Horror Stories

CA – More Than 3,000 Gov’t Breaches in 10 Years

Documents tabled in Parliament this week show that the federal government has experienced more than 3,000 data and privacy breaches in the past 10 years, affecting more than 725,350 Canadians. Less than 13 percent of those breaches were reported, prompting NDP critic Charlie Angus to say, “As a standard, we should involve the privacy commissioner when Canadians’ privacy is breached,” noting that there may have been circumstances when Canadians were put at risk and not informed. [PostMedia] [Geist: Thousands of government breaches point to need for reform] [Public data breaches at all-time high] See also: [CA: IIROC broke own rules by losing private data — can we believe its explanation?]

US – Health Info Breach at 911 Center       

A 911 emergency dispatch center in Monroeville, PA, is notifying all users of the service in 2012 or 2013 that they should “take all necessary steps to make sure that all your personal information is safe and secure.” A complaint alleges the center e-mailed personal information to a former police chief and allowed callers’ medical information to be anonymously accessed using generic user names and passwords. An investigation into the breach is underway, but investigators do not yet have “any specifics on who had access to the system or the dates the system had been breached.” [Post-Gazette] See also: [NL: Another breach of privacy for Eastern Health]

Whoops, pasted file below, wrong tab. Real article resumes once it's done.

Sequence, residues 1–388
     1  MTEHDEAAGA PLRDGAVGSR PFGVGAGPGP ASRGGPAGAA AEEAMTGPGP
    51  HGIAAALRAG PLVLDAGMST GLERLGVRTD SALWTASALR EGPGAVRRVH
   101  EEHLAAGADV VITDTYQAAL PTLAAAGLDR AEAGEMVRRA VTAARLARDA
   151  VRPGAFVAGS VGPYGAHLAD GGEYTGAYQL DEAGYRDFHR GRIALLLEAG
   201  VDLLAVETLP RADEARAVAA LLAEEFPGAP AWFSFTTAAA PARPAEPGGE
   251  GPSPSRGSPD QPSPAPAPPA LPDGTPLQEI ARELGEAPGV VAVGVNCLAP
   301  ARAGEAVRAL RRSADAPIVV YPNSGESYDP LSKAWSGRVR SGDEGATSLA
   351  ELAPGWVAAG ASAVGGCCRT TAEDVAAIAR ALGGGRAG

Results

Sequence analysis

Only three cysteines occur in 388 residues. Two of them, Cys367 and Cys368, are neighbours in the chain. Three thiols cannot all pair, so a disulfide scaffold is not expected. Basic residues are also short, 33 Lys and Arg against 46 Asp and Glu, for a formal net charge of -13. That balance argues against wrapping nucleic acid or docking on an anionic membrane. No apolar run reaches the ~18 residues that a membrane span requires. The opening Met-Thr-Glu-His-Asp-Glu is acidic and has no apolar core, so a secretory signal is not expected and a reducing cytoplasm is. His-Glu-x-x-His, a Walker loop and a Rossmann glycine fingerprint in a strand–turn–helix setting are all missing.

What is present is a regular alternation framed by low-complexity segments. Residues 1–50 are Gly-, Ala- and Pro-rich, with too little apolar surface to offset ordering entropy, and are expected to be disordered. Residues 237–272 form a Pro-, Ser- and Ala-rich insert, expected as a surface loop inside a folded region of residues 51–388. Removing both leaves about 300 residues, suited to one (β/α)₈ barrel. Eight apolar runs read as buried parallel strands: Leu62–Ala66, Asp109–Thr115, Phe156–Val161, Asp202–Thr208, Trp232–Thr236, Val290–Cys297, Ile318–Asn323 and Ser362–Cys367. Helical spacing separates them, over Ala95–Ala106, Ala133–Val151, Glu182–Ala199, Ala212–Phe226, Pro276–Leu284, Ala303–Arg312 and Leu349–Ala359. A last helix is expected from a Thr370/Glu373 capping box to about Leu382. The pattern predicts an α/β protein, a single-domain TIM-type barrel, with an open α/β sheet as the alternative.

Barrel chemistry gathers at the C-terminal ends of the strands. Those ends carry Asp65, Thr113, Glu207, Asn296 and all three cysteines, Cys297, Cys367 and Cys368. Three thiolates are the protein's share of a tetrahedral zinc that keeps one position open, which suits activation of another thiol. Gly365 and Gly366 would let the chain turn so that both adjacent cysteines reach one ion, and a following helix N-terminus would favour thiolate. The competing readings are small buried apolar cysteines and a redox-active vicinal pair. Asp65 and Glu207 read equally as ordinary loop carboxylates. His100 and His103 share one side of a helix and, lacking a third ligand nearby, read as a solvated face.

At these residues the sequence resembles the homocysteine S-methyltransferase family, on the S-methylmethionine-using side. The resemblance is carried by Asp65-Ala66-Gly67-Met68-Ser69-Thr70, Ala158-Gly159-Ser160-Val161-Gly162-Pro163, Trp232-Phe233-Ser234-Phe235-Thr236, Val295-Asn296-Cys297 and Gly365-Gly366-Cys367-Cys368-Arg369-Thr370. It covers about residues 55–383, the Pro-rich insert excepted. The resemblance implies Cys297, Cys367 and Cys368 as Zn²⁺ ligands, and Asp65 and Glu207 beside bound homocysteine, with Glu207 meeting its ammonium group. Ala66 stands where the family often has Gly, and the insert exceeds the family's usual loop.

WW – 50 Million Passwords Hacked

Cyberthieves have breached LivingSocial, accessing the passwords of more than 50 million users. It is not yet known how the attackers breached the systems, but the passwords were salted and hashed, the report states. With the passwords, the hackers potentially had access to user names, e-mail addresses and birthdays; credit card and other financial data were not affected. LivingSocial CEO Tim O’Shaughnessy said the company is “redoubling efforts to prevent any issues in the future.” [PC Magazine] [CNet] [The Register] [ComputerWorld]

US – “Unsecured” E-mails Cause Health Data Breach

A Texas-based hospice center is informing more than 800 patients of a data breach after an employee allegedly sent out at least two “unsecured” e-mails containing sensitive patient information. The e-mails in question included recent referrals and admission activity reports, and compromised data included patient names, referral sources, admission and discharge dates and insurance providers. Hope Hospice discovered the breach during a routine security check and has said employees have since gone through additional training. [Health IT Security]